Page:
As defined by the American Petroleum Institute (API), a base stock is “a lubricant component that is produced by a single manufacturer to the same specifications (independent of feed source or manufacturer’s location); that meets the same manufacturer’s specification; and that is identified by a unique formula, product identification number, or both.”

Base stocks are divided into five categories, or groups: Group I, Group II, Group III, Group IV, and Group V. Through a specific test method, each group has a different makeup of saturates, sulfur percentages, and viscosity index.

Group I: Base stocks that contain less than 90 percent saturates and/or greater than 0.03 percent sulphur, and have a viscosity index greater than or equal to 80 and less than 120.

Group II: Base stocks that contain greater than or equal to 90 percent saturates and less than or equal to 0.03 percent sulphur, and have a viscosity index greater than or equal to 80 and less than 120.

Group III: Base stocks that contain greater than or equal to 90 percent saturates and less than or equal to 0.03 percent sulphur, and have a viscosity index greater than or equal to 120.

Group IV: Base stocks are polyalphaolefins (PAO) with no unsaturated hydrocarbons or sulfur. PAOs may be interchanged without additional qualification testing, as long as the interchange PAO meets the original PAO manufacturer’s specs in physical and chemical properties.

The following key properties need to be met in the substituted stock:

1. Kinematic viscosity at 100, 40, and -40 degrees (C)

2. Viscosity index

3. Noack rating (volatility)

4. Pour point

5. Unsaturates

Group V: Base stocks that include all other base stocks not included in Group I, II, III, or IV. Group Vs like esters are typically used for creating oil additives.

Group III+ Base Stocks

While not currently included in the base-stock groups, III+ base stocks bridge the gap between the highly refined mineral Group III base stocks and the expensive, synthetic Group IV base stocks. They provide performance that’s above what normal mineral oils can give, yet they’re more affordable than the Group IV synthetics—and as you can imagine, they’re very popular these days. ExxonMobil’s Visom is an example of a Group III+ base stock.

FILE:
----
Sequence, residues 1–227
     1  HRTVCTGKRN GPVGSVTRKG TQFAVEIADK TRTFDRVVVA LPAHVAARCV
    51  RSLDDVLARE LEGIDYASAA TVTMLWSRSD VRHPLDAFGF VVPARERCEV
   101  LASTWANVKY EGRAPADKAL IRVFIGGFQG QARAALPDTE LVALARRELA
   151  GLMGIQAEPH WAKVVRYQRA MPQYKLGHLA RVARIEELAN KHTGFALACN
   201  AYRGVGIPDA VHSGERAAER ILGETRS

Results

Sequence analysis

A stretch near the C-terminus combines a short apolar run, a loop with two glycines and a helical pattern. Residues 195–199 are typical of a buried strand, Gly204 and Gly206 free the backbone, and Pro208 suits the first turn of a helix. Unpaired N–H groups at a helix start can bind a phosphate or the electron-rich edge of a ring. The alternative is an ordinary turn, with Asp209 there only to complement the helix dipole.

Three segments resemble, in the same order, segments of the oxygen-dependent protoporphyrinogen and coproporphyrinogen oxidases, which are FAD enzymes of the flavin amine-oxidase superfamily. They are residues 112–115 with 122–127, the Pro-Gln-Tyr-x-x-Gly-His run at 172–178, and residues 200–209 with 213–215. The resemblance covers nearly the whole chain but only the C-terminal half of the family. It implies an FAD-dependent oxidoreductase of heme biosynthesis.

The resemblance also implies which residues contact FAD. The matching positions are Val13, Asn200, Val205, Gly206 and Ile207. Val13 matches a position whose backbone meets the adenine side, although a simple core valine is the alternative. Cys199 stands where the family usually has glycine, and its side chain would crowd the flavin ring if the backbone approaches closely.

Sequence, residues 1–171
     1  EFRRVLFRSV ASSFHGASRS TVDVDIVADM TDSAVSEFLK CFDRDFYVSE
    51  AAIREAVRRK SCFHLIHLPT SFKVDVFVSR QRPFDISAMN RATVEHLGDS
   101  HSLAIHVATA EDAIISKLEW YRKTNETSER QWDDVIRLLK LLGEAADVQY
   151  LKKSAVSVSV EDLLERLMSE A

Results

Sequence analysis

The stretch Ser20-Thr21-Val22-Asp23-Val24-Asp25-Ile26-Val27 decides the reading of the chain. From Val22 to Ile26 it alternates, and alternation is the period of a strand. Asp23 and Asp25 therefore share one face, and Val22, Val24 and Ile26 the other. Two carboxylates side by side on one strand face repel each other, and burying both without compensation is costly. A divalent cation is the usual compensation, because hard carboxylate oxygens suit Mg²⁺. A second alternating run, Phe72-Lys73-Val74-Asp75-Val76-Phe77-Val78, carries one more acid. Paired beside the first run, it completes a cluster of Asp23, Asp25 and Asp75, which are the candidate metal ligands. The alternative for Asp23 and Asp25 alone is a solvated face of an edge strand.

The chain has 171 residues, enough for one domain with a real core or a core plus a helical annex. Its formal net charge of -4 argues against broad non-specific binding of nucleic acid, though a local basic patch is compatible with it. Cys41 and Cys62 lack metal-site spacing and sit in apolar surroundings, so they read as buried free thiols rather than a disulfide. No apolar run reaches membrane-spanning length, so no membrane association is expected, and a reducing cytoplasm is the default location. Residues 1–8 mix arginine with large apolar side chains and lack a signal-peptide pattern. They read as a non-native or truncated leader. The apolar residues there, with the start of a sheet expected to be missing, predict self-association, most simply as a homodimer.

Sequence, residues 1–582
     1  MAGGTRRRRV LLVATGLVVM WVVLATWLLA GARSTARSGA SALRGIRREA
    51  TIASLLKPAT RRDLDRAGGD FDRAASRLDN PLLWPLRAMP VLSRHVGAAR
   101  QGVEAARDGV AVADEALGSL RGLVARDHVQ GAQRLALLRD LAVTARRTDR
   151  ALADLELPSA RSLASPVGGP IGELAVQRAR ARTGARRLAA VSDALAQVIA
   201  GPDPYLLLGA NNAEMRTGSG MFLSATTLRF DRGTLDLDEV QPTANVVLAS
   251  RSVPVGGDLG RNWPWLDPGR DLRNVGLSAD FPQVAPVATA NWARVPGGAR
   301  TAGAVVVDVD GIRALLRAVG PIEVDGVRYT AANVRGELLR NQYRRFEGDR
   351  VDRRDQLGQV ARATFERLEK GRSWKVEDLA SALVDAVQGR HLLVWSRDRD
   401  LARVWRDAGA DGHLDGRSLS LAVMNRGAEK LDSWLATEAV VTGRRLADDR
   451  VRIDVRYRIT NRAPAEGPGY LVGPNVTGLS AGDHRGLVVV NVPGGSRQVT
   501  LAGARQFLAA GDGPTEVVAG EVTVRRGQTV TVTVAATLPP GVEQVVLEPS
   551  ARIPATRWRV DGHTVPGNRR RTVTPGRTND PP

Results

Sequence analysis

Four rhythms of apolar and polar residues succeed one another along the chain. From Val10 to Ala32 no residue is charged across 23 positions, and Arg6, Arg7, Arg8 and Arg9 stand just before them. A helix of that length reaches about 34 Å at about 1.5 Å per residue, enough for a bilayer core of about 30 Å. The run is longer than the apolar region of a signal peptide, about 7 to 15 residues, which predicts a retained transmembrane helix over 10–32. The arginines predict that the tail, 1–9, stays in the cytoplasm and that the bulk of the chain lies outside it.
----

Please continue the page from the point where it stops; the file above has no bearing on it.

Oil Additive Packages

Motor oil is made by combining base oil with a complex mixture of up to 15 additives. Generally speaking, there are two types of fluids that make up an additive package: a detergent-inhibitor package, and a viscosity-index improver.

Detergent Inhibitors

The detergent inhibitor (or DI) package is a mixture of performance additives that’s needed for an oil formulation.

  • Anti-foams are non-soluble silicone molecules that help prevent oil from foaming, and also help disperse foam that’s already formed.
  • Antioxidants like amines and phenolics help fight oxidation, a reactive process that can create carbon deposits in an engine.
  • Detergents are metals and organic chemicals that clean engine deposits and neutralize acid byproducts from combustion. Common metal atoms used include calcium, magnesium, and sodium; common organic products include salicylates, sulfonates, and phenates.
  • Diluent oil, or carrier oil, is a mineral oil that helps the solubility of the additives, and ensures that the viscosity is in the correct range for pumping and blending.
  • Dispersants suspend and disperse the solid pieces left over from the combustion of fuel. As those pieces would otherwise end up as engine sludge, dispersants are kind of a big deal. Not surprisingly, they’re one of the main components of a DI pack.
  • Friction modifiers are molecules that, thanks to their polarity, attach to an engine’s metal surfaces to improve lubricity. They can also improve fuel economy. Organic friction modifiers are typically esters or glycerol mono-oleates (GMO). Inorganic Friction modifiers are molybdenum compounds.